The Yemassee

By William Gilmore Simms; Alexander Cowie | Go to book overview
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TO PROFESSOR
SAMUEL HENRY DICKSON, M.D.,
OF SOUTH CAROLINA

MY DEAR DICKSON,

It is now nearly twenty years since I first inscribed the Romance of "The Yemassee " with your name. The great good fortune which attended the publication in the favor of the public, the repeated editions which have been called for, and the favourable opinions of most of the critics, who, from time to time, have sat in judgment upon it, seem to justify me in endeavouring to retouch and perpetuate the old inscription in the new and improved edition of my various writings which it is meant to herald. You will see, if you do me the honour again to glance over the pages of this story, that I have done something towards making it more acceptable to the reader. I could not change the plan of the story in any wise. That is beyond my control. I could make no material alterations of any kind; since such a labor is always undertaken with pain, and implies a minuteness of examination which would be excessively tedious to a writer who has long since dismissed the book from his thoughts, in the more grateful occupation of fresh imaginings and new inventions. It is my great regret that I can now do so little towards rendering the story more worthy of the favor it has found. I am now fully conscious of its defects and crudities. No one can be more so than myself. In reading it over, for the small revision which I have made, I am absolutely angry with myself, as Scott is reported to have been with Hogg while reading one of the stories of the Shepherd, at having spoiled and botched so much excellent material. I see now a thousand passages, through which had I the leisure, and could I muster courage for the effort, I should draw the pen, with the hope to substitute better thoughts, and improved situations, in a more appropriate and graceful style. But I need not say to you how coldly and reluctantly would such a task be undertaken, by one who has survived his youth, and who must economize all his enthusiasm for the new creations of his fancy. I can only bestow a touch of the pruning knife here and there,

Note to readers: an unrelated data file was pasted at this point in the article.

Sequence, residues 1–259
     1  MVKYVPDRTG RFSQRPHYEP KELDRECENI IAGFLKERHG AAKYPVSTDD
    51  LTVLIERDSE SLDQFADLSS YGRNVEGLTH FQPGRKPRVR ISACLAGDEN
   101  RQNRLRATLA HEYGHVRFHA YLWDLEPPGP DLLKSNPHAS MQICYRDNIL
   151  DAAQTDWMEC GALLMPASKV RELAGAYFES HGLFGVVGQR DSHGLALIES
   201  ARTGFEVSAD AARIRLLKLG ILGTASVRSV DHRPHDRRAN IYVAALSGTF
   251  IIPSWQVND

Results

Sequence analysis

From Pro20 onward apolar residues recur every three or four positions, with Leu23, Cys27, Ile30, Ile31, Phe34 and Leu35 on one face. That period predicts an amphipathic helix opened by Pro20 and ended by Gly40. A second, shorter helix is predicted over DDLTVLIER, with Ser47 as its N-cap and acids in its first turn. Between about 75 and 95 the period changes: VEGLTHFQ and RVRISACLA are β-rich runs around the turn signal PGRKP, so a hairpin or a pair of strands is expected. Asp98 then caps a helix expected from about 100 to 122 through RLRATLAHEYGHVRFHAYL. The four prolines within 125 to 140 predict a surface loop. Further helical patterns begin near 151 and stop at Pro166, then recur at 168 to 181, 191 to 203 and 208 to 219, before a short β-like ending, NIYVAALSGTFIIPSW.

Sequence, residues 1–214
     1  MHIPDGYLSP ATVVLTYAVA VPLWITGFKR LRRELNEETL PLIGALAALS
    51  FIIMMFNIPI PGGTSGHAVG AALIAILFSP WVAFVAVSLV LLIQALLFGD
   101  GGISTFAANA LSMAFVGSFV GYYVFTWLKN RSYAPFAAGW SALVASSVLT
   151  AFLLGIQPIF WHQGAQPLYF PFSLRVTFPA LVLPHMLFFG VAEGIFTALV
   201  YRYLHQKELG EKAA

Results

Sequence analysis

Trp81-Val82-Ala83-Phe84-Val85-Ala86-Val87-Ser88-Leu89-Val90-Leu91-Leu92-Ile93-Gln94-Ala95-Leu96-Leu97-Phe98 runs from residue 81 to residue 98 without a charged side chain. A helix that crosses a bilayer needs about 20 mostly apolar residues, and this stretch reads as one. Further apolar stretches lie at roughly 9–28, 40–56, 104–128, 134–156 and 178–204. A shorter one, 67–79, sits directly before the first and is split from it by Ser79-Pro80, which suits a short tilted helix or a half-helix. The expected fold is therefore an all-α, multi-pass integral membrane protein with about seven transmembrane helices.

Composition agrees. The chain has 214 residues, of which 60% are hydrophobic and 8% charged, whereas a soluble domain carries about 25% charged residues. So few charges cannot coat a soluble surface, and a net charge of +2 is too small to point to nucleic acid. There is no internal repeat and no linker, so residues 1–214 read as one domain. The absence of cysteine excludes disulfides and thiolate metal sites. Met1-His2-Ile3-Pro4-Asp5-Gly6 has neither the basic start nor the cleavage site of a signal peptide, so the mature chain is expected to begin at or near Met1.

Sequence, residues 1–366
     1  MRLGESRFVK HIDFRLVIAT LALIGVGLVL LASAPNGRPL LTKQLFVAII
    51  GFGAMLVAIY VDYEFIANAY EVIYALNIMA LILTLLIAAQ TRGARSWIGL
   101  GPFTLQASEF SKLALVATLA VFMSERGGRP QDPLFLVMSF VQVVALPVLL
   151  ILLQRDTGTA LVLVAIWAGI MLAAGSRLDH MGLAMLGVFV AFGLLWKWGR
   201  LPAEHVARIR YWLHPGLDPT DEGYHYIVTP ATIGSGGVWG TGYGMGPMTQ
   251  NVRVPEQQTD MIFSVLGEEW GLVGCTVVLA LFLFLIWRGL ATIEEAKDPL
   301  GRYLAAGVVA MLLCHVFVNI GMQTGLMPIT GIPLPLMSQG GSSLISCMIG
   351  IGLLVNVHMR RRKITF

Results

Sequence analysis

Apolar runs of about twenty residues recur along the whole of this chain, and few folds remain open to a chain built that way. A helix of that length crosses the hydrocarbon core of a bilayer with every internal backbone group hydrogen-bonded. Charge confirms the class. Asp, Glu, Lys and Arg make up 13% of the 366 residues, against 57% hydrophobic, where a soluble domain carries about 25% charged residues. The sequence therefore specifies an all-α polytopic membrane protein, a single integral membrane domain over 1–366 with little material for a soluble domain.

-3-

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